|Can Banking Get Any Better?|
|Written by LJKelley|
|Thursday, 07 June 2012 03:17|
Can banking get any better? The credit crisis is gone, the money is flowing and even subprime borrowers are moving unto greener pastures. But has banking actually improved?
Yes, the money is there. Chrysler reported that about 30% of vehicles sold and financed last month were to subprime borrowers. Mortgage rates are at record lows. The volume is there, and I understand the strain. Bank of America has completely stopped taking new mortgage applications (even from current borrowers wishing to do modifications to stay in their home) but it's not solely because of volume. Freddie Mac recently forced Bank of America to buy back 300 million in loans and is refusing to buy any future mortgages from them. So I guess Countrywide aka Bank of America is still up to the same tricks.
Of course I asked back in the credit crisis, Can Banking Get Any Worse? (Please still boycott Wells Fargo!) I don't know... has it? Sure money is flowing. That is good, everything else costs more. Sure mortgage rates are at record lows. But credit cards are still high. Car rates are creeping up. And anything else has more fees than mosquitoes in the summer. Take Chase for example. If you have both a savings and checking account, they will charge a $10 fee for the courtesy of transferring money from your savings to your checking if you overdraw. Free checks when opening an account are also hard to come by. Certainly a sign of the times. But then a smaller cost to banks as checks are used less. The City Of Rochester charges a fee if you don't pay in person or mail a check for example. So checks are certainly still needed.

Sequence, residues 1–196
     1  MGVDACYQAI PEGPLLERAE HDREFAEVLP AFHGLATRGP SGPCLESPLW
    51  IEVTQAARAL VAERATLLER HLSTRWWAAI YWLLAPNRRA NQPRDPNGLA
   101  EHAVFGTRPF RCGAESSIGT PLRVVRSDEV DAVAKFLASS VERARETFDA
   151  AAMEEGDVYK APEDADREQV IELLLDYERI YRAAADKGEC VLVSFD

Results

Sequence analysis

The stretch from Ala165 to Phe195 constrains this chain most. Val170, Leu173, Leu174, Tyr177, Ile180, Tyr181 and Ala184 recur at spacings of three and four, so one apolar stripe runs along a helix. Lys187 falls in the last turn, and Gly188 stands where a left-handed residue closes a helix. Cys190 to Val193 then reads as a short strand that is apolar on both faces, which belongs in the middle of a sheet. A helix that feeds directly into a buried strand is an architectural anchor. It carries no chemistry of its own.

Credit Unions? Ha, don't make me laugh! Unfortunately the climate has changed. Take USAA, a well-respected federal credit union. Their membership criteria are extremely cryptic, and you might think you're approved to be a member to only realize they have two membership levels. To do anything useful you need the higher level. Or take a recent refinance with a local credit union. It was like dealing with a big bank. An initially helpful loan officer but you realized quickly you were lied too and weren't qualified for that program. I ended up spending $3000 more than initially quoted... but what can you say at record low rates.
So the real question is, Can banking get any better? Don't hold your breath! Does anyone have banks to recommend? Comment below: